You Can’t Make Me
“You can’t make me!” Our oldest turned nine this week and has been asserting his independence. While that’s a good thing it’s also a challenge. I remember the first time he stood his ground with me. He was six and we were visiting the public restroom at the beach before heading home. Up to this point I had always brought the boys with me into the restroom. I took comfort knowing they were safely near me and couldn’t imagine sending them into the Men’s room on their own. While we were standing in line my son kept asking to go into the Men’s room and I kept telling him no. It was hot and crowded and I just wanted to get in and out. This was not the moment for cutting apron strings nor the restroom for it. We all used the Ladies’ room but by the time we got to the car he was really angry at me. It was clear I needed to rethink my position on this. “Alright, let’s talk about this,” I said. “Mom, I’m six now I don’t want to go into the Ladies’ room with you anymore. I’m too big for that now,” he says. I let those words float around in the car before I answered him. “You’re right and I’m sorry. You caught me by surprise and I was in a hurry to get out of there. Please understand that this is something new for me too.” We spent the car ride talking about strangers and going through “what if scenarios”. We agreed that certain bathrooms would be okay but others might not and it would have to be determined case by case. He seemed okay with this new arrangement.
This event is so memorable to me because it marks his first real venture from the protection of the nest. It’s a big step for him and a big adjustment for me. As a kid, I pushed hard for my independence and my parents gave it to me. I vividly remember riding the city bus, by myself, into the heart of Lowell as an eight-year-old to buy Christmas presents at Woolworth’s. I was scared out of my mind but determined not to let it show. This is the pep talk my parents gave me…. Act like you know what you’re doing and where you’re going and no one will give you a problem. If you have a problem go into the nearest store and ask the cashier for help. You’ll be fine. See you when you get back. I made it back.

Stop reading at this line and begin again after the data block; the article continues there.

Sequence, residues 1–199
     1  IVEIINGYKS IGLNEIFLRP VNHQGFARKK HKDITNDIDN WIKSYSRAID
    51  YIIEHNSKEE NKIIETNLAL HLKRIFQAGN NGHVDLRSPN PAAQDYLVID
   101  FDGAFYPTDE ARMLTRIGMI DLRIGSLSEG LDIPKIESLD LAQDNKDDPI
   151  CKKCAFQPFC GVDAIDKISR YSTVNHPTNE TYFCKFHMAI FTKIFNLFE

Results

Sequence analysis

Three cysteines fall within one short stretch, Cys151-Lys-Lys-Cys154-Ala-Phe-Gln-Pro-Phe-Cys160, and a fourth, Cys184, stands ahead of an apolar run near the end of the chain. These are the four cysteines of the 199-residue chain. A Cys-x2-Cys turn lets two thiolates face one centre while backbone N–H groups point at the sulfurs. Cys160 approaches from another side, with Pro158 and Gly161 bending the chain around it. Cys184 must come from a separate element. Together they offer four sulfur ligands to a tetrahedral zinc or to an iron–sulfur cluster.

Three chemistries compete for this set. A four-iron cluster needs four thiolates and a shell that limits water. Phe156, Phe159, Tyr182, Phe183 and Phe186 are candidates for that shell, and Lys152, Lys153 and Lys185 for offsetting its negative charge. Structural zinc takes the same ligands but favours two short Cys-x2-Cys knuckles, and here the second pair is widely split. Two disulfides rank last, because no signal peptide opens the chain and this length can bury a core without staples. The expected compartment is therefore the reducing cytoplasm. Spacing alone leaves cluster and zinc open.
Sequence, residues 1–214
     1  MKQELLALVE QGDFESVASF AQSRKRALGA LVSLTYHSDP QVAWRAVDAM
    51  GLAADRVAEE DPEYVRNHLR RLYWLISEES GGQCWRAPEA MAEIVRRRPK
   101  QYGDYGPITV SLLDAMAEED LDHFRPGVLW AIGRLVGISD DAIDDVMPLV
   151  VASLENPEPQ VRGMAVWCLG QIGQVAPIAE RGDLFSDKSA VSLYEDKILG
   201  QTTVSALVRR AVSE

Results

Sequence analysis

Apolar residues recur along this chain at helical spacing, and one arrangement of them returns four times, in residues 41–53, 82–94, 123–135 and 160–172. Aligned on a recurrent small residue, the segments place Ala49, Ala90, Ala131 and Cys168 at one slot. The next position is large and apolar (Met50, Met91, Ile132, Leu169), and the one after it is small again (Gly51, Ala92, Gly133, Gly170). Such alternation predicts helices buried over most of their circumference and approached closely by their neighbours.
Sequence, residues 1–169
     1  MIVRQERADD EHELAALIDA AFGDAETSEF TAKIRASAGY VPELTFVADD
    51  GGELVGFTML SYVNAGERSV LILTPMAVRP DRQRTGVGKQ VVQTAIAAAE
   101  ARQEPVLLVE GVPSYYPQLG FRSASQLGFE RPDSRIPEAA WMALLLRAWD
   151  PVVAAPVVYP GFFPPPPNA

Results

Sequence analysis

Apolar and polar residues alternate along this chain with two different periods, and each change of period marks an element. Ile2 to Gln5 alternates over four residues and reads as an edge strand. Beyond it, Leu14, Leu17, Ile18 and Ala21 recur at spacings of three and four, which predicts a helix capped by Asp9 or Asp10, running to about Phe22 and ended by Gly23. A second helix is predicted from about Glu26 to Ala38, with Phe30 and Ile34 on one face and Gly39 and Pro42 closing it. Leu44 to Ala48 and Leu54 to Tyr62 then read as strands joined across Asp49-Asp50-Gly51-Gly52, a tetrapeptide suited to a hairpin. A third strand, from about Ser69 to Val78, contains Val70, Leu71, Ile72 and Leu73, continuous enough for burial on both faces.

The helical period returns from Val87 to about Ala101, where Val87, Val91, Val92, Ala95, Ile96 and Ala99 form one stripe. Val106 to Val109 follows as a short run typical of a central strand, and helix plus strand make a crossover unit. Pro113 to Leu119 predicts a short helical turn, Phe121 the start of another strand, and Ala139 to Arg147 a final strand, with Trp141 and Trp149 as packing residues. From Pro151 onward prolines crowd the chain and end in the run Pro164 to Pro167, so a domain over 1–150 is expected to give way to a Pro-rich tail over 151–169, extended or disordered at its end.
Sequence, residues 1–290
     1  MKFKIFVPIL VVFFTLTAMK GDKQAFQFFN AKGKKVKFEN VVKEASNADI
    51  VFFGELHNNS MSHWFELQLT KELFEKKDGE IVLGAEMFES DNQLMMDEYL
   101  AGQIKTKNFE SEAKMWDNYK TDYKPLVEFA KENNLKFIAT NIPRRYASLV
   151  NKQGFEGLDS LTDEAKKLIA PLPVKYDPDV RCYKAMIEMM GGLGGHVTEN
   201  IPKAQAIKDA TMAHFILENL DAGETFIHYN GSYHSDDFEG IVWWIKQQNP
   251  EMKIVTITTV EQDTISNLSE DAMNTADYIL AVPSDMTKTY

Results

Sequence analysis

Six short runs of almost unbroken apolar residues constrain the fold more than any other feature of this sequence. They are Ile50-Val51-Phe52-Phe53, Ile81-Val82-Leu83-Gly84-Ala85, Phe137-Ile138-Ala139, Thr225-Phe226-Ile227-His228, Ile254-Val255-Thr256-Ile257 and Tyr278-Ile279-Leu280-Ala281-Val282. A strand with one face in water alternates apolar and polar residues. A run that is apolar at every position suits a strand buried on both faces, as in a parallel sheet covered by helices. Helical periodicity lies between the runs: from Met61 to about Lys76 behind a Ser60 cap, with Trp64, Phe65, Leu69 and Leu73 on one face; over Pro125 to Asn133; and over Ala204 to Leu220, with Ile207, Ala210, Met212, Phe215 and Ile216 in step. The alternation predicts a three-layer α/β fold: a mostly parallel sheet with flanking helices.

The challenge from my nine-year-old today (who was six just yesterday) is that he doesn’t want to go to the park. We are visiting my sister-in-law in Seattle and I’m trying to give her some space by taking the boys out of the house for a bit. My son wants no part of this. I tell him, “It’s non-negotiable. You have to come but you don’t have to enjoy yourself!” We leave the house and start walking to the park. He complains bitterly for the first block and then he drops way back. He gets so far behind I think he might return to the house. His younger brother concerned that he’s not coming goes back to get him. I keep walking and try not to look back pretty sure that they will follow.
Here is a photo of them.
It feels strange and uncomfortable to let my kids extend their distance from me. Obviously there aren’t any physical tethers connecting me to them but there are invisible, emotional ones. They are those infamous “heart-strings” and I can feel them being pulled. I’m happy that he is building his independence. And just like my parents let me build mine, I need to let him build his. I remind myself that independence is preferable to defiance.